“Tonnerre de Brest!” cried the delighted driver; “jump in quick: we are losing time!”
And, whipping up his lean horses, he galloped them down the Rue de Valois at lightning speed.
Leaving the little station of Vesinet, we come upon two roads. One, to the left, macadamized and kept in perfect repair, leads to the village, of which there are glimpses here and there through the trees. The other, newly laid out, and just covered with gravel, leads through the woods.
Along the latter, which before the lapse of five years will be a busy street, are built a few houses, hideous in design, and at some distance apart; rural summer retreats of city merchants, but unoccupied during the winter.
It was at the junction of these two roads that Prosper stopped the hack.
The driver had gained his hundred francs. The horses were completely worn out, but they had accomplished all that was expected of them; M. Verduret could distinguish the lamps of a hack similar to the one he occupied, about fifty yards ahead of him.
M. Verduret jumped out, and, handing the driver a bank-note, said:
“Here is what I promised you. Go to the first tavern you find on the right-hand side of the road as you enter the village. If we do not meet you there in an hour, you are at liberty to return to Paris.”
The driver was overwhelming in his thanks; but neither Prosper nor his friend heard them. They had already started up the new road.
The weather, which had been inclement when they set out, was now fearful. The rain fell in torrents, and a furious wind howled dismally through the dense woods.
The intense darkness was rendered more dreary by the occasional glimmer of the lamps at the distant station, which seemed about to be extinguished by every new gust of wind.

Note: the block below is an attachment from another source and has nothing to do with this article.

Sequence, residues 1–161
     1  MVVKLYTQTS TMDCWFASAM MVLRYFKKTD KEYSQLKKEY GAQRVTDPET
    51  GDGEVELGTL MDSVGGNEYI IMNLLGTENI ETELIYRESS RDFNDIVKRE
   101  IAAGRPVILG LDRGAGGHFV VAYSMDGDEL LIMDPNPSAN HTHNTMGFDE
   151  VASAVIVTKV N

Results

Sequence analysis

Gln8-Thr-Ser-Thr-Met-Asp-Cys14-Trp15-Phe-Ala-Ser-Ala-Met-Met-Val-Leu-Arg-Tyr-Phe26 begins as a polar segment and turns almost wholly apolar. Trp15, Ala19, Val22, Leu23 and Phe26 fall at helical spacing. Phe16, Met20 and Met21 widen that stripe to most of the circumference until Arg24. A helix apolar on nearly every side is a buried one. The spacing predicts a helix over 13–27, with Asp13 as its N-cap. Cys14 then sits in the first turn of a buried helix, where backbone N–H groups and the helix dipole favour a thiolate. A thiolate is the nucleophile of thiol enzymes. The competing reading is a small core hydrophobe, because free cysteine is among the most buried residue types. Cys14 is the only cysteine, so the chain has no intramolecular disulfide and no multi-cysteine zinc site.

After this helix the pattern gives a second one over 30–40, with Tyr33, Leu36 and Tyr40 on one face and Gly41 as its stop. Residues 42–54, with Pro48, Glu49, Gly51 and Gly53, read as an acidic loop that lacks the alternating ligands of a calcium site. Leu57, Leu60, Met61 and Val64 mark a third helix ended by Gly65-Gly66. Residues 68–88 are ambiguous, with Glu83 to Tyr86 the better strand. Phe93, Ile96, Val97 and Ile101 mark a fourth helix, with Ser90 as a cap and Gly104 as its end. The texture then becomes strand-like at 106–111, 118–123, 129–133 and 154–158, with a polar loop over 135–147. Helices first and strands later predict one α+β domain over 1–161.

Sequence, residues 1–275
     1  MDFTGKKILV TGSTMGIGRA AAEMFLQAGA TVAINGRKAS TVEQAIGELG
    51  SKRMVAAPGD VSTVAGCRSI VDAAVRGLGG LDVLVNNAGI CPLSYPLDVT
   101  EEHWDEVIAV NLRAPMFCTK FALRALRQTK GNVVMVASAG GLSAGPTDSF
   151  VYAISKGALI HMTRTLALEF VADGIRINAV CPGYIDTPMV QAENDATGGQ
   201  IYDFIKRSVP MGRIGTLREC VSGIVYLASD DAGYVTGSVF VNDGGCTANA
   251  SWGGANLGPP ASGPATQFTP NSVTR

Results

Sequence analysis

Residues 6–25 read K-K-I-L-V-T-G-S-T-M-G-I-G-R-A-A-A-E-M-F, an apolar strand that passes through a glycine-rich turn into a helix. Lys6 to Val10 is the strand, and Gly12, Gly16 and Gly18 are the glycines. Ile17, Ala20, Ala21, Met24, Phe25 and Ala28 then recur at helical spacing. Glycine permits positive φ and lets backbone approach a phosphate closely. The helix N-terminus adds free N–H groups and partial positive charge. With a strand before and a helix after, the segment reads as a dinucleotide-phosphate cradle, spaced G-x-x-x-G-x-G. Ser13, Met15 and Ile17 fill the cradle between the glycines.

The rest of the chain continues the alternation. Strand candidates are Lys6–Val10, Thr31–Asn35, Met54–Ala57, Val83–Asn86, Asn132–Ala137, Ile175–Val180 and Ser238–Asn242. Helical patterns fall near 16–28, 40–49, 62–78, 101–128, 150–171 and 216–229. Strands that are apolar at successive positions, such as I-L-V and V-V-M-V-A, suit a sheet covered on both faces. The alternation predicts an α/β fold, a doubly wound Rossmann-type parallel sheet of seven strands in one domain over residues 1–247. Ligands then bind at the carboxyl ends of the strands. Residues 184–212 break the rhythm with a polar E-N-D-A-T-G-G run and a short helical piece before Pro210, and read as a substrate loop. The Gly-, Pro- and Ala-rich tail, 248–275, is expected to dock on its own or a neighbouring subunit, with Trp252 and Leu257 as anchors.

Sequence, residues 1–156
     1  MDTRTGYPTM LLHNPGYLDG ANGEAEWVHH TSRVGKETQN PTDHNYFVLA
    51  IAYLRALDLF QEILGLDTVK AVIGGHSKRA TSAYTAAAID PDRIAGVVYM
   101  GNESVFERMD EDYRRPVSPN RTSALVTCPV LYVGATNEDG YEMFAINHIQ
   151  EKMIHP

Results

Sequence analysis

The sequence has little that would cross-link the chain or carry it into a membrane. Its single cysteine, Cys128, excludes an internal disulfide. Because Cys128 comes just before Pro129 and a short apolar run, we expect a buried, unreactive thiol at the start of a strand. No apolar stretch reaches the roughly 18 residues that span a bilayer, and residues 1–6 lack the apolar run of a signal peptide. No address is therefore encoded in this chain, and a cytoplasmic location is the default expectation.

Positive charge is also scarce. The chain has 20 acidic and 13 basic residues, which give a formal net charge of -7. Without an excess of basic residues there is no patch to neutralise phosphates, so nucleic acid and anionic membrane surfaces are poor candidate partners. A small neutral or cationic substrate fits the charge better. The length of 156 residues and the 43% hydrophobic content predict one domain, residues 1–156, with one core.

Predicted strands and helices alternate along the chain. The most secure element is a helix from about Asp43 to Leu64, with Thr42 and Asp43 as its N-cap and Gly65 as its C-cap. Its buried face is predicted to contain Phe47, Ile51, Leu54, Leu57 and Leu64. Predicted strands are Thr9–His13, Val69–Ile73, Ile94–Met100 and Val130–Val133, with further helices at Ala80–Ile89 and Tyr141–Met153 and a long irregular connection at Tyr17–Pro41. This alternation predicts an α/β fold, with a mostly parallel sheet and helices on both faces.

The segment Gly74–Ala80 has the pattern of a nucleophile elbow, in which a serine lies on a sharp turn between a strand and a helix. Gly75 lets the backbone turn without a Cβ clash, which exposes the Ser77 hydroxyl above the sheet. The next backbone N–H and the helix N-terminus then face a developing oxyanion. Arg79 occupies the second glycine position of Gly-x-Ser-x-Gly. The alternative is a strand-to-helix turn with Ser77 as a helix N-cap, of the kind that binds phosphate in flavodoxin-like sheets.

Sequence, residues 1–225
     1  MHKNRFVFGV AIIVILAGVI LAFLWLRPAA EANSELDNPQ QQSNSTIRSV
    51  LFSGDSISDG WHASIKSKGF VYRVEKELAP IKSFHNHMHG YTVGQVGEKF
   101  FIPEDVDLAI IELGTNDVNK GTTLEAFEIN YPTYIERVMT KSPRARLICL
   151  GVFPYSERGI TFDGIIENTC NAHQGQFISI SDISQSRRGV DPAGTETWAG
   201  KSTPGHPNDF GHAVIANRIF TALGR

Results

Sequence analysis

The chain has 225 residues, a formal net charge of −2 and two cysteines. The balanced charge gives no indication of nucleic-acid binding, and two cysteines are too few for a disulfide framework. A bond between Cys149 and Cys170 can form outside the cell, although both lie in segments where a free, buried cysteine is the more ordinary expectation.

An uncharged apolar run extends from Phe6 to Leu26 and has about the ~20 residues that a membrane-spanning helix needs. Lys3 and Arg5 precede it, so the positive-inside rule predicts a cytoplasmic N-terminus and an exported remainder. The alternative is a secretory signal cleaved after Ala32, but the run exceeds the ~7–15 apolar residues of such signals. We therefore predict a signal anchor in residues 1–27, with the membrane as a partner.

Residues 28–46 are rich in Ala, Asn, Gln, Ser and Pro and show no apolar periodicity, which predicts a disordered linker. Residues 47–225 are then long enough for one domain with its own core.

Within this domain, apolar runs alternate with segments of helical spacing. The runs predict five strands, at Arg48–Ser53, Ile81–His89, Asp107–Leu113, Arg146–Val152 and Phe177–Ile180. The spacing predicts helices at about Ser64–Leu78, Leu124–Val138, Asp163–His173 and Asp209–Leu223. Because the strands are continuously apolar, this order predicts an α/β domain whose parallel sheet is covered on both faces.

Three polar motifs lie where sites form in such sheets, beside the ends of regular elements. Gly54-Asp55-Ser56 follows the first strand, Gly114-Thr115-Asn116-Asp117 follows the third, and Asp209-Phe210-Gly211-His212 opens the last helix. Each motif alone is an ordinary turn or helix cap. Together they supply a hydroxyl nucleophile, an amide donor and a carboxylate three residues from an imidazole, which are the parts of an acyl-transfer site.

M. Verduret and Prosper had been running along the muddy road for about five minutes, when suddenly the latter stopped and said:
“This is Raoul’s house.”
Before the gate of an isolated house stood the hack which M. Verduret had followed. Reclining on his seat, wrapped in a thick cloak, was the driver, who, in spite of the pouring rain, was already asleep, evidently waiting for the person whom he had brought to this house a few minutes ago.
M. Verduret pulled his cloak, and said, in a low voice:
“Wake up, my good man.”
The driver started, and, mechanically gathering his reins, yawned out:
“I am ready: come on!”
But when, by the light of the carriage-lamps, he saw two men in this lonely spot, he imagined that they wanted his purse, and perhaps his life.
“I am engaged!” he cried out, as he cracked his whip in the air; “I am waiting here for someone.”
“I know that, you fool,” replied M. Verduret, “and only wish to ask you a question, which you can gain five francs by answering. Did you not bring a middle-aged lady here?”